Great beauty in unkind city By...


September 30, 2001|By Special to the Sun


Great beauty in unkind city

By Michael Purdy


I did not like Florence, and Florence did not appear to like me.

A small Italian city, Florence pulls in tourists at a rate comparable to that of Paris or Rome. They flood the museums, churches and piazzas, great gaggles of people from all over the world, bobbing along behind tour guides.

It didn't help that I'd been in Europe on my own for a week, and was starting to feel lonely. Walking into Florence alone and trying to find a hotel was such a smack in the face that I nearly got back on the train.

For days, Florence and its mobs of tourists batted me about like a bothersome insect. The city's most famous church, the Duomo, or cathedral, was so consistently flooded that I didn't even try to get in until Sunday, when I needed to go to Mass.

I went hoping for the same sense of welcome that I find at every Catholic church. But the doormen told me to come back later. I was allowed in only after a bitter argument that left me choking back tears through the Mass.

That afternoon, the first words out of the hotel manager's mouth were, "We're full tomorrow. When are you leaving?"

I went to several hotels to look for a room for the next night, and often before I said a word, the clerk would glare at me testily and spit, "We're full!"

I resolved to leave in the morning, and to chalk Florence up as a failure.

A light rain fell as I walked across town and up the hill to the Piazzale Michelangelo, where several copies of the great artist's works are displayed. Shortly after I reached the piazzale, the setting sun shone down through the hills and hit the rain as it moved away, lighting a shimmering curtain of fire behind the city's steeples. For 10 minutes, a master painter seemed to work the air over Florence with great swatches of red, orange and pink.

Walking back, I crossed through the piazza in the middle of the Uffizi, Florence's biggest art museum. A roofed colonnade runs along the edge of the piazza, and the tourists line up there in hordes.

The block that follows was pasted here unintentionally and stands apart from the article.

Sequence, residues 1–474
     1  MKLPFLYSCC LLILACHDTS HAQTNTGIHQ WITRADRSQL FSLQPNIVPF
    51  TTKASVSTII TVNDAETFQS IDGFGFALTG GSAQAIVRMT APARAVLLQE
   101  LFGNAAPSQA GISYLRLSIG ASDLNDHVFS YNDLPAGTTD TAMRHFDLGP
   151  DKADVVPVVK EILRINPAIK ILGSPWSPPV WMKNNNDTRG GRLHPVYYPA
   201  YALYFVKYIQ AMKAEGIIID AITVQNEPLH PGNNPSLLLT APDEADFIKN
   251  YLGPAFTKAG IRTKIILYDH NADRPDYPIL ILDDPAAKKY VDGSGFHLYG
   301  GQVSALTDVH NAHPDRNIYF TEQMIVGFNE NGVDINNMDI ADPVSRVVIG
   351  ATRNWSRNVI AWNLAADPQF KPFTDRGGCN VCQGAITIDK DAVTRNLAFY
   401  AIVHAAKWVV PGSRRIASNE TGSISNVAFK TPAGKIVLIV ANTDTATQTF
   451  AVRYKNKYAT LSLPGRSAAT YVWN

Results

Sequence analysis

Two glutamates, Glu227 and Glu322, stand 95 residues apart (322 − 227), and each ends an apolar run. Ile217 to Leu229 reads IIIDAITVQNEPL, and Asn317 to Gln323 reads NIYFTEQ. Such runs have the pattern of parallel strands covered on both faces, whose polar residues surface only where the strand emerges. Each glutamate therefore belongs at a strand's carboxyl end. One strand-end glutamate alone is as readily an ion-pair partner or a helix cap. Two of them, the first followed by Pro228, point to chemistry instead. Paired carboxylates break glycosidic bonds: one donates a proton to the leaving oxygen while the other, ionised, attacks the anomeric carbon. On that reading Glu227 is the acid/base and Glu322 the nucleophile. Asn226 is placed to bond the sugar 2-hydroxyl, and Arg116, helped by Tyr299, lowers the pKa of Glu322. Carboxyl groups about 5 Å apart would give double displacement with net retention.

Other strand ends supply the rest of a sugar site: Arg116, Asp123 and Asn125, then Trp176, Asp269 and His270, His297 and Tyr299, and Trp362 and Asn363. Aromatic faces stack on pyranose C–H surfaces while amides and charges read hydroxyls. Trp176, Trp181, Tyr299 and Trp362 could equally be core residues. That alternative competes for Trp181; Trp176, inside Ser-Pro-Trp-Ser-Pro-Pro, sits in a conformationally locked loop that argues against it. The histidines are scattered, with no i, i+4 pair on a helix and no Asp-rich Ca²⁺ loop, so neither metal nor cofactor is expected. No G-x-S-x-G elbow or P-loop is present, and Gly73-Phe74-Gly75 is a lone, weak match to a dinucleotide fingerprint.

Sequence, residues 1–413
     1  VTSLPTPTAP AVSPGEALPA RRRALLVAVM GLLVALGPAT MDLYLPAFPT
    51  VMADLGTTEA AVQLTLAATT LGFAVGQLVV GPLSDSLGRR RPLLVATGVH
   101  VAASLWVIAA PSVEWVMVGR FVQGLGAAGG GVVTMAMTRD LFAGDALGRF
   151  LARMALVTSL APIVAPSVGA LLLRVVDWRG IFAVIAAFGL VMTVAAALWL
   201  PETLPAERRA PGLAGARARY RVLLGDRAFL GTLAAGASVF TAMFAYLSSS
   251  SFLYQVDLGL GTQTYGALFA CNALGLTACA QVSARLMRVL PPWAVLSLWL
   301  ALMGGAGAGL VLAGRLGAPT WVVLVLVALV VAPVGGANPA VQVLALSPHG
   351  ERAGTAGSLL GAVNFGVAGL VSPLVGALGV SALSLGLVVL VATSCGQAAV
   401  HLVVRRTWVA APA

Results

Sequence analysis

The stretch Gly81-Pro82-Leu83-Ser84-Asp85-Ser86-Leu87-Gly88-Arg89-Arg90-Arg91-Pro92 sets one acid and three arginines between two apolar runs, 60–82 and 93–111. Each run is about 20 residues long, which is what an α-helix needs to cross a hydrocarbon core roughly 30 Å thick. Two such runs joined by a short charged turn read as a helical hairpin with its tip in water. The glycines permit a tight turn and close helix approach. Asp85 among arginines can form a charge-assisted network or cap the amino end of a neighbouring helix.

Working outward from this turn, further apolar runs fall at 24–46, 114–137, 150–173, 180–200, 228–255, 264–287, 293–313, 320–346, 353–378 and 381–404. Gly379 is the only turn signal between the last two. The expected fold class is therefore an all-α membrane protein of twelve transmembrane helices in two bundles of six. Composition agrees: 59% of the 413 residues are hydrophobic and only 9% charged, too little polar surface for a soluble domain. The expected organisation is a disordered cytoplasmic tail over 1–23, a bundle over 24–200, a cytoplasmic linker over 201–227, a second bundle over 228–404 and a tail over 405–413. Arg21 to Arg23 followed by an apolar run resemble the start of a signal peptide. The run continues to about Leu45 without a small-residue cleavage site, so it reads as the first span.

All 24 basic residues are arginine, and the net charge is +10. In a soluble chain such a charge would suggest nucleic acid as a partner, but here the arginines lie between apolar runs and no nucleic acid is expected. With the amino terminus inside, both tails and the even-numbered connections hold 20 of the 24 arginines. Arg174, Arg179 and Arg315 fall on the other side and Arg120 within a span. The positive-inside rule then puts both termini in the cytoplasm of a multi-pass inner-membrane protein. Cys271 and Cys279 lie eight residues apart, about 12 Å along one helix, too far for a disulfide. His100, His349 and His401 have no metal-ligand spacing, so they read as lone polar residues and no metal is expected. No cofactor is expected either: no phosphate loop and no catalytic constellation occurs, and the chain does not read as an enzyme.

A lone violinist was the only person there when I passed through that night. He had set a chair near a corner and was practicing, taking advantage of the beautiful acoustics the empty colonnade provided.

I listened to his sad, sweet song, and it was overwhelming. Florence, that cranky, stingy, overcrowded city, so unkind for days, had in a few hours granted me not one but two solitary moments rich with beauty.

Michael Purdy lives in Baltimore.


Island reflections

Edward J. Smith Jr., Crofton

On the northern end of North Carolina's Outer Banks is a jewel of a village called Corolla. Two of its landmarks are the Currituck Beach Lighthouse and the Whalehead Club. The lighthouse was built in 1875 and is still functioning today. The Whalehead Club, built in the 1920s, is being restored.



Donald Miller, Bethesda

"My wife and I visited the spectacular Port du Gard, a Roman aqueduct west of Avignon. Built around 19 B.C., it provided water to the town of Nimes for over 400 years. A cloth from Nimes was imported by Levi Strauss in the 1800s, which was called denim."


Brenda Blackburn, Joppa

"Facing Lake Michigan on Mackinac Island, the Grand Hotel, built in 1887, has one of the world's largest porches. With croquet games and afternoon tea, Mackinac reminds one of the Victorian era. No motor vehicles are permitted on the island."


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